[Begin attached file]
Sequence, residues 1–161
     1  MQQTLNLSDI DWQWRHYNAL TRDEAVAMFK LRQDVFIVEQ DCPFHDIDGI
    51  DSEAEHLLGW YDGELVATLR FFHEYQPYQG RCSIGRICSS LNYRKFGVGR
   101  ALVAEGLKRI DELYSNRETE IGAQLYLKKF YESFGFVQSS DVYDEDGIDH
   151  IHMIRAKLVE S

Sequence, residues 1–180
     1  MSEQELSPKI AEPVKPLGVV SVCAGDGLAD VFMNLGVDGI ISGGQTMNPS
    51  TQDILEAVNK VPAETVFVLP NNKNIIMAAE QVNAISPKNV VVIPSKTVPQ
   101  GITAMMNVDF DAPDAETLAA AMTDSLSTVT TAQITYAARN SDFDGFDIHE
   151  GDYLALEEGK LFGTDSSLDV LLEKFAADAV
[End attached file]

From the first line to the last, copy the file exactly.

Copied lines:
Sequence, residues 1–161
     1  MQQTLNLSDI DWQWRHYNAL TRDEAVAMFK LRQDVFIVEQ DCPFHDIDGI
    51  DSEAEHLLGW YDGELVATLR FFHEYQPYQG RCSIGRICSS LNYRKFGVGR
   101  ALVAEGLKRI DELYSNRETE IGAQLYLKKF YESFGFVQSS DVYDEDGIDH
   151  IHMIRAKLVE S

Sequence, residues 1–180
     1  MSEQELSPKI AEPVKPLGVV SVCAGDGLAD VFMNLGVDGI ISGGQTMNPS
    51  TQDILEAVNK VPAETVFVLP NNKNIIMAAE QVNAISPKNV VVIPSKTVPQ
   101  GITAMMNVDF DAPDAETLAA AMTDSLSTVT TAQITYAARN SDFDGFDIHE
   151  GDYLALEEGK LFGTDSSLDV LLEKFAADAV